College board approves tax-free zones

JOHNSTOWN – The Fulton-Montgomery Community College Board of Trustees unanimously approved the college’s START-UP NY plan, which would establish tax-free zones for businesses within the region.

The plan still needs to approved by the State University of New York and Empire State Development.

Colleges interested in participating in the program had to develop a plan for implementation.

The plan was developed in conjunction with economic development officials from Fulton and Montgomery counties and was reviewed by all municipal boards, unions and student organizations identified in the law, according to meeting documents.

The Campus Plan for Designation of Tax-Free Areas includes three sites: The Tryon Technology Park in Johnstown and Perth, the Florida Park Extension in Amsterdam and the FM Foundation property along Route 67 and Bendick Corners Road in the town of Amsterdam.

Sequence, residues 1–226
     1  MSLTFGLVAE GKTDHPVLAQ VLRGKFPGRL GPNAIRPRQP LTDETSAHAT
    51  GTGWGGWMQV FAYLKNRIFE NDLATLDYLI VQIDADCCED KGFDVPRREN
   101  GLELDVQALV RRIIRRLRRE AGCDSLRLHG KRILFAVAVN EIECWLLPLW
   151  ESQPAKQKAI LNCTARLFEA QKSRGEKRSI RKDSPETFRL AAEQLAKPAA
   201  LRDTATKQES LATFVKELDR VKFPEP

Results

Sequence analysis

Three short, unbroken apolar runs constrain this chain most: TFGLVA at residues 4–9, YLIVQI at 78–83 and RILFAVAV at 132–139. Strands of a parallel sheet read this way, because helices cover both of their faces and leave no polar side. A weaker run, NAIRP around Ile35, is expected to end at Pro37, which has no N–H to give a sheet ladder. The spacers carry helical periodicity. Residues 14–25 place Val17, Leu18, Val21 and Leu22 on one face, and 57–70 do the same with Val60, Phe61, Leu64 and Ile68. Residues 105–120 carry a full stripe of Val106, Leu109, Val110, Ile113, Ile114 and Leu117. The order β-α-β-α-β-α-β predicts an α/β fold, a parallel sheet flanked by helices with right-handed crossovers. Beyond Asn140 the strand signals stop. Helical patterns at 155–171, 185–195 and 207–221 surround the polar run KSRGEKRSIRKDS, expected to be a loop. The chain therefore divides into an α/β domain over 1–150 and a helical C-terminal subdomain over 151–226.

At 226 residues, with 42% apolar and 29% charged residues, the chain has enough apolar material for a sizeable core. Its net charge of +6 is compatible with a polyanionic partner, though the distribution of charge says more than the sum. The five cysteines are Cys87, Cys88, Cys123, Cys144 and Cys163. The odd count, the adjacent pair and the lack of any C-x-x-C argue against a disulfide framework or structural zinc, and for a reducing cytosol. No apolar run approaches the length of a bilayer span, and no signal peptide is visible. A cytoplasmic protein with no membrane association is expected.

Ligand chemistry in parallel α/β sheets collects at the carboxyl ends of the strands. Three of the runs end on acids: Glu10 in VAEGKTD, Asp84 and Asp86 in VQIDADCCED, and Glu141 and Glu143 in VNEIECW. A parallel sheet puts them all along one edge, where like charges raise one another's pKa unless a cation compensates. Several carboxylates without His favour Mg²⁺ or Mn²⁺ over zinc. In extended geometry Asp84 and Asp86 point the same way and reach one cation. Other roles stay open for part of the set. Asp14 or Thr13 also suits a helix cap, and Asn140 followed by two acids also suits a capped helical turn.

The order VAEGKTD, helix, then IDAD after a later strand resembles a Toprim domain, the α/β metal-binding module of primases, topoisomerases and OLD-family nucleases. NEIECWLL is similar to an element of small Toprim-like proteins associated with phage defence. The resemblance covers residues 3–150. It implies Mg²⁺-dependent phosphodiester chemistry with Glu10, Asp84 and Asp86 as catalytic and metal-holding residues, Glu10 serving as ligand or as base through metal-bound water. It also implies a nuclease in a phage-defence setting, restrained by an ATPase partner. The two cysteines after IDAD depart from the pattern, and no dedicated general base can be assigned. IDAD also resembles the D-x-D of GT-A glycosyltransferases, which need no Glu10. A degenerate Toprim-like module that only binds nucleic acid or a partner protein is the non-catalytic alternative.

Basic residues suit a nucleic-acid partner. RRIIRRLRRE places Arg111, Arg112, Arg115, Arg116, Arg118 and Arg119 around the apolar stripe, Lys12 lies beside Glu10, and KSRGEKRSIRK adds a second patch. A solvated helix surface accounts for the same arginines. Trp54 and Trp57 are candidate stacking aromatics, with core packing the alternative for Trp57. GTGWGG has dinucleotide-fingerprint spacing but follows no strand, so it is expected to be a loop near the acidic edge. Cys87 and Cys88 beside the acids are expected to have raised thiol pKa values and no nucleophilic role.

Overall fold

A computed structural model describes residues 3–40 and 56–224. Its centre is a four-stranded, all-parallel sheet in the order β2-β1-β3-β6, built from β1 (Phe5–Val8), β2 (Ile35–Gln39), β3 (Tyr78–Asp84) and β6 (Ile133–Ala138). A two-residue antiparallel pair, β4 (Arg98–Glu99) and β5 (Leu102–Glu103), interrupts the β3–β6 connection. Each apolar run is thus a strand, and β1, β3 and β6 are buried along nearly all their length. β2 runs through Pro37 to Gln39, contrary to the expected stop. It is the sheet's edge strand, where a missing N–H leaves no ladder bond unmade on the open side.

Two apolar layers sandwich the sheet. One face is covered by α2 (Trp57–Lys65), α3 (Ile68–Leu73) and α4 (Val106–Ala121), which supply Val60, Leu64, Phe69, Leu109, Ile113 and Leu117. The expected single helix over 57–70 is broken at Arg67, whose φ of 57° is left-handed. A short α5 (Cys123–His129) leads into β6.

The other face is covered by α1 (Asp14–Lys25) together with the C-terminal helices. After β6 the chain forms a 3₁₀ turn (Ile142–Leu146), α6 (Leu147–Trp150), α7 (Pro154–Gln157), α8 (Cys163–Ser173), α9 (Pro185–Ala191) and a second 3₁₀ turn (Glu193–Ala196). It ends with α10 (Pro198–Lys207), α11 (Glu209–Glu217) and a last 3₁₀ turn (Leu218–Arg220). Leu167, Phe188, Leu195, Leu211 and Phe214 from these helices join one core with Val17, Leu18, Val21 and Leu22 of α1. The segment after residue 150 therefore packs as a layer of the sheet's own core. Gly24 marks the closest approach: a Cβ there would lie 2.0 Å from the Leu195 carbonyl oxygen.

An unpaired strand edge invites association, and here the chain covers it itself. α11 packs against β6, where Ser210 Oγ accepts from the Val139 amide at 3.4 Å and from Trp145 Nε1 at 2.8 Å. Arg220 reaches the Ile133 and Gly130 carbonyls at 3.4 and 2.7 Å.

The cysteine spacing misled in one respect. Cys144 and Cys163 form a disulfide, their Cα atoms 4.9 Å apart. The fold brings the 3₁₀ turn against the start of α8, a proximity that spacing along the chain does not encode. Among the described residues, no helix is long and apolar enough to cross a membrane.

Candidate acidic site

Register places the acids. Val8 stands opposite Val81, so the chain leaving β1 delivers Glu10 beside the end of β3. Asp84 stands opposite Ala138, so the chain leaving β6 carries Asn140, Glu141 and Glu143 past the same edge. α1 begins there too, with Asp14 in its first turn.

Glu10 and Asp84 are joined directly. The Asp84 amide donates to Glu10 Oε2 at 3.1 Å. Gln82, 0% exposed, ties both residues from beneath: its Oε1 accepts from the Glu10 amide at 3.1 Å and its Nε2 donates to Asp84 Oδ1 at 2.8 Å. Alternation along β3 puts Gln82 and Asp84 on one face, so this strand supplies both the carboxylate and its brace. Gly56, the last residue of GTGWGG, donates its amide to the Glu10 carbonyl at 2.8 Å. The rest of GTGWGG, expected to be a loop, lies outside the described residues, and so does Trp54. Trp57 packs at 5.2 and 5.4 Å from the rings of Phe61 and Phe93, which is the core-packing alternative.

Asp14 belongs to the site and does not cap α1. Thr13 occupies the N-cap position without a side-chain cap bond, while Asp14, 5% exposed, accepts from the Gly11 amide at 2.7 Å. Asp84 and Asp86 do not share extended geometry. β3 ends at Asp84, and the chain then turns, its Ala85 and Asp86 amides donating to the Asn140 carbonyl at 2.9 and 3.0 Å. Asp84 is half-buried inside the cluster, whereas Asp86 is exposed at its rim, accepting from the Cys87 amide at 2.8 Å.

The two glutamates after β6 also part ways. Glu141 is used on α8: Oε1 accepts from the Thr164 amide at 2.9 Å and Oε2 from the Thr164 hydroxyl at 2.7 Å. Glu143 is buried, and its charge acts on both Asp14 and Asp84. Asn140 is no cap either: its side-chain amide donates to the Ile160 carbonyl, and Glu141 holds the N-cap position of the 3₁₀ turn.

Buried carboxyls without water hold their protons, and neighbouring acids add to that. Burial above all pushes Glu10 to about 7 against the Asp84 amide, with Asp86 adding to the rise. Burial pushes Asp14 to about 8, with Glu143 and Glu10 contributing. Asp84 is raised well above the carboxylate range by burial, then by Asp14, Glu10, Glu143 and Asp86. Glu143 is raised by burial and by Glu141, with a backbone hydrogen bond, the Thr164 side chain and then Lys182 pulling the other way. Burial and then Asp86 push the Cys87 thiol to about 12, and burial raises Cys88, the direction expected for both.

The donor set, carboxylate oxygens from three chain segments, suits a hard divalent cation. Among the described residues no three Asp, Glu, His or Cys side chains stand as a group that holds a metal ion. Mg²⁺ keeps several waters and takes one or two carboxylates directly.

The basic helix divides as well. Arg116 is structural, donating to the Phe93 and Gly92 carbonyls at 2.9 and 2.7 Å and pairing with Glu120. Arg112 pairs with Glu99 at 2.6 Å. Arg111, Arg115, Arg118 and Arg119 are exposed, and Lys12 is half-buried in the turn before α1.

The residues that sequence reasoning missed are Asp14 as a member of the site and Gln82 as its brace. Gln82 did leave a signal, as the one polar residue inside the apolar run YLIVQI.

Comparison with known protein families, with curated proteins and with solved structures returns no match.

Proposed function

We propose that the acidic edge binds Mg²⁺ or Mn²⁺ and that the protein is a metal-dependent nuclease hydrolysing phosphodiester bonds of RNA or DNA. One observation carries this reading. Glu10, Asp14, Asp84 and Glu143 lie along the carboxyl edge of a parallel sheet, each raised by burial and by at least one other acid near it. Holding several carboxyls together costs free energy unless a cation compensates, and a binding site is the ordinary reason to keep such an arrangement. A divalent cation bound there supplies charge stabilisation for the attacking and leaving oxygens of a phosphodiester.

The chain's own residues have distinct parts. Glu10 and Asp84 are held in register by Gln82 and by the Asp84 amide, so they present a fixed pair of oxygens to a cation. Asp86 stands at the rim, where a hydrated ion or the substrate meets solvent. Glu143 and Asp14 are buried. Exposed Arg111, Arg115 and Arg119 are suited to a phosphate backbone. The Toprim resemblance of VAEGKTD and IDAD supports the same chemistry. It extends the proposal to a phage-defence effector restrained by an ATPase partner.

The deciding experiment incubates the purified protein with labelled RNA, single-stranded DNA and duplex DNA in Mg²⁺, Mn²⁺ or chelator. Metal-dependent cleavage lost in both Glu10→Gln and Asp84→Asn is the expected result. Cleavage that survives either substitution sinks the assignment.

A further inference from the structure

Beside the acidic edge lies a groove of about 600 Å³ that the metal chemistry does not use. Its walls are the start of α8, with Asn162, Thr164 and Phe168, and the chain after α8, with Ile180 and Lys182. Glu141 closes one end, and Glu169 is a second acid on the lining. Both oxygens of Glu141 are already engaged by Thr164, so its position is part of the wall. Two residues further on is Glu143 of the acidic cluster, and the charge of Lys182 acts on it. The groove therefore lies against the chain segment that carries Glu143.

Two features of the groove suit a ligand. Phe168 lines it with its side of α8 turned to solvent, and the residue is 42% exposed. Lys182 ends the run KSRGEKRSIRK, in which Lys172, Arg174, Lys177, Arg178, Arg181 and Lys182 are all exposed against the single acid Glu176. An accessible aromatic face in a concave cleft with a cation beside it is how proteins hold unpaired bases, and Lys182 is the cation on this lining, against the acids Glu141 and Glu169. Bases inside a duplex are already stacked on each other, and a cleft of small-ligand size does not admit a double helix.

According to the plan, the Tryon site, recently assigned to the Fulton County Industrial Development Agency, has the infrastructure needed to be redeveloped into shovel-ready sites where new businesses can locate. The Florida Park Extension is also ready for development and offers easy access to the New York state Thruway. The FM Foundation Property consist of approximately 60 acres.

Up to 200,000 square feet outside the FMCC campus would be included in the tax-free zone, although college President Dustin Swanger said any of the land already on the college campus that could be used for a potential business wouldn’t be included within the limits of the off-campus sites.

START-UP NY, an initiative by Gov. Andrew Cuomo, is allowing communities across the state to establish tax-free sites for new and expanding businesses. Those businesses would operate 100 percent tax-free for 10 years, including no state income tax, business, corporate, state or local taxes, sales and property taxes or franchise fees.

A business moving into the tax-free zone would have to be a new company in New York state, a company from out of state relocating to New York or an expansion of a company that already has employees in New York.

Swanger said the businesses moving into these sites have to be specialized in production.

The document will now go to SUNY for approval before ultimately reaching Empire State Development for final approval.

Swanger said then a company would file an application and then a similar process will begin.